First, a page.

21 February 2018 News

Oldest known superluminous supernova discovered

An international team of astronomers has confirmed the discovery of the most distant supernova ever detected; DES16C2nm. Image: M Smith and DES collaboration
An international team of astronomers has confirmed the discovery of the most distant supernova ever detected; DES16C2nm. Image: M Smith and DES collaboration

Astronomers have discovered the most distant superluminous supernova ever detected – a rare type of supernova that ended its life in a huge cosmic explosion when the Universe was only a quarter of its current age.

Superluminous supernova, or SLSN for short, are the brightest and rarest class of supernovae and are thought to occur when the material that was flung-off in the initial blast falls back onto the dense stellar core that remains – a rapidly rotating neutron star. SLSNs were first discovered only 10 years ago and they are so luminous that they shine brighter than even the brightest galaxies.

The SLSN at the heart of this discovery is known as DES16C2nm and it was detected by the Dark Energy Survey (DES); an international collaboration of more than 400 scientists from over 25 institutions worldwide that began in 2013. DESt is set to map several hundred million galaxies over a five year period, in order to find out more about dark energy, the mysterious force believed to be causing the accelerated expansion of the Universe.

"It's thrilling to be part of the survey that has discovered the oldest known supernova. DES16C2nm is extremely distant, extremely bright, and extremely rare - not the sort of thing you stumble across every day as an astronomer,” said lead author of the study Dr Mathew Smith, of the University of Southampton. ”As well as being a very exciting discovery in its own right, the extreme distance of DES16C2nm gives us a unique insight into the nature of SLSN.”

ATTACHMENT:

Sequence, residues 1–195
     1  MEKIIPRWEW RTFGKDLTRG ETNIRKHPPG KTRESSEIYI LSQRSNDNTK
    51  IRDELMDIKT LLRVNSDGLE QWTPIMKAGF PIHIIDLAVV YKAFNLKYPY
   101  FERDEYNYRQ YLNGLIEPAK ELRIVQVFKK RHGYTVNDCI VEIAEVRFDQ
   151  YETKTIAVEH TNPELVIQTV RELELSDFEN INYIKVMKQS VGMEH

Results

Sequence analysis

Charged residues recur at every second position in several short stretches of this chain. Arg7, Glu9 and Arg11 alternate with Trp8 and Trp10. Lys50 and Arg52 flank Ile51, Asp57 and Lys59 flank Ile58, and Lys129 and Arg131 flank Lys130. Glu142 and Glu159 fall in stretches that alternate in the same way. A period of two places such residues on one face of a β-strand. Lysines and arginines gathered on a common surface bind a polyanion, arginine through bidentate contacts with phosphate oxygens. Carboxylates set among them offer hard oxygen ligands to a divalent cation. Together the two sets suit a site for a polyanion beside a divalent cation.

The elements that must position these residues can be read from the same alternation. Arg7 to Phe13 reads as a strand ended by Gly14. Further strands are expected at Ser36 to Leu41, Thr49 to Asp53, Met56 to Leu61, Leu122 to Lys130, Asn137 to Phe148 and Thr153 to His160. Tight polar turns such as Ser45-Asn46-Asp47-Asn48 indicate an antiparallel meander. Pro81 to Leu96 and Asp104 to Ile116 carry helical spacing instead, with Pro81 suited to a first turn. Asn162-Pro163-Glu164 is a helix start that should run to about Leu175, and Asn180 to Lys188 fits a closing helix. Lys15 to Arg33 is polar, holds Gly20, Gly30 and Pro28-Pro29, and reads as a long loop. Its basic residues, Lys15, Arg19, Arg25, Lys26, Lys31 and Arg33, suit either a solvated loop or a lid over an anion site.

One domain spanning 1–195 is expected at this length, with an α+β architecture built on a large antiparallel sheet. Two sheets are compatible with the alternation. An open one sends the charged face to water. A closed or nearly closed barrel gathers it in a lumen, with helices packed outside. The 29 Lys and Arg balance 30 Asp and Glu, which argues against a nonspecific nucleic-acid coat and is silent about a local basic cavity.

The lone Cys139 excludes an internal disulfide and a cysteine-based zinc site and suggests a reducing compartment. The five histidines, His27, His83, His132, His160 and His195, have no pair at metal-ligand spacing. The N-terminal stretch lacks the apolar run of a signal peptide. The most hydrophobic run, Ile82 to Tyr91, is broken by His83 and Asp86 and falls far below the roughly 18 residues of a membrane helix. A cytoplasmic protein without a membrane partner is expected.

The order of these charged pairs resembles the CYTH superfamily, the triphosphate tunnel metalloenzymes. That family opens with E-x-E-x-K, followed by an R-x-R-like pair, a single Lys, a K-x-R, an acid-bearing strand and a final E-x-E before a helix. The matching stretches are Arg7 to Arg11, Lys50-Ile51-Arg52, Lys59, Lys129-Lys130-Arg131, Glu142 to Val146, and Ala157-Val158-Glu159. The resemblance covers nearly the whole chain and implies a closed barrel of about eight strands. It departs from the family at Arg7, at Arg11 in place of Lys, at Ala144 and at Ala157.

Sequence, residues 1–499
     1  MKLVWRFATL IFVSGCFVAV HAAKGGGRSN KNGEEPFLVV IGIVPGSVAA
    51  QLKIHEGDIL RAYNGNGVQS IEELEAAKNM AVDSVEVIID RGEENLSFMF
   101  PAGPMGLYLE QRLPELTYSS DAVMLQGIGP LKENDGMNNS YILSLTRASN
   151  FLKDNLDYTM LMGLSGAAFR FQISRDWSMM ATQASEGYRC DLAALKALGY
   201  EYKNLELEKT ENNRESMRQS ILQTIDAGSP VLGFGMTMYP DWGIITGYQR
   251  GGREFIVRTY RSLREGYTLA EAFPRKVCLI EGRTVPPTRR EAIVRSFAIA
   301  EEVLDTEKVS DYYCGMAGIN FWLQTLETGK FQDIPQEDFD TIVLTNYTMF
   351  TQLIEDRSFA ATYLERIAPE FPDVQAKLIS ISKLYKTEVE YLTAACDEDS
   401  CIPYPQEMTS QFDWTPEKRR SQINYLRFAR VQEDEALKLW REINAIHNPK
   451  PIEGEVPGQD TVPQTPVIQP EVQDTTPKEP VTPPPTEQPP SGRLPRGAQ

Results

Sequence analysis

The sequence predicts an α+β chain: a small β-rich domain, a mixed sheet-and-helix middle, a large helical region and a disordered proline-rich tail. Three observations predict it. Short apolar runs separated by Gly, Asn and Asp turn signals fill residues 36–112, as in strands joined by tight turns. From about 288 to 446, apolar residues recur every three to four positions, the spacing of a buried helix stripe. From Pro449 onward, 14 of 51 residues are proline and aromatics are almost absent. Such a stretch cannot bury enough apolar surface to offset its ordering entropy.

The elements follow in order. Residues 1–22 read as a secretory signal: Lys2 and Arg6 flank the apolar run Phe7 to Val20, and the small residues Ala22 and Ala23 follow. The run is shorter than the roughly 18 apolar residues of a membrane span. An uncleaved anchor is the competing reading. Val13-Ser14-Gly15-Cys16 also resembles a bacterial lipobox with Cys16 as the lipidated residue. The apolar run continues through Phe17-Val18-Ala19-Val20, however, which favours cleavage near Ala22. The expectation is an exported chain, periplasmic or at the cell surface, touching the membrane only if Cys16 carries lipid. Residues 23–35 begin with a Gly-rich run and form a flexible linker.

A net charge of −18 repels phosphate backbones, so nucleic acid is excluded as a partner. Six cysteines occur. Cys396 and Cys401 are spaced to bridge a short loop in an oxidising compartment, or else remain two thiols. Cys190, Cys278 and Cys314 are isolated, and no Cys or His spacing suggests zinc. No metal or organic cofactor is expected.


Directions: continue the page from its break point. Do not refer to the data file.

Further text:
Clues as to the temperature of the explosion and the amount of metal produced when the star exploded – two key aspects that drives these cosmic explosions – can be learned from the ultraviolet light emitted from SLSN - which in the case of DES16C2nm has taken 10.5 billion years to reach Earth. However more discoveries of this type of event are needed to gain a greater understanding of the population of SLSNs as a whole and given a large enough sample, scientists could then be able to 'standardise' them as they did with type 1a supernovae.

Type 1a supernovae are exploding white dwarf stars and are used in cosmology as typical "standard candles" for measuring the expansion of the Universe. Since SLSN can be anywhere from 50 to 100 times brighter than type 1a supernovae, they can be seen at even greater distances. This in theory could allow researchers to learn more about the nature of dark energy while probing even more deeply into the expansion history of the Universe.

Study co-author Bob Nichol, Professor of Astrophysics at the University of Portsmouth, commented: "Such supernovae were not thought of when we started DES over a decade ago. Such discoveries show the importance of empirical science; sometimes you just have to go out and look up to find something amazing."

DES16C2nm-Full.jpgBefore and after the supernova was detected. Image: M Smith and DES collaboration

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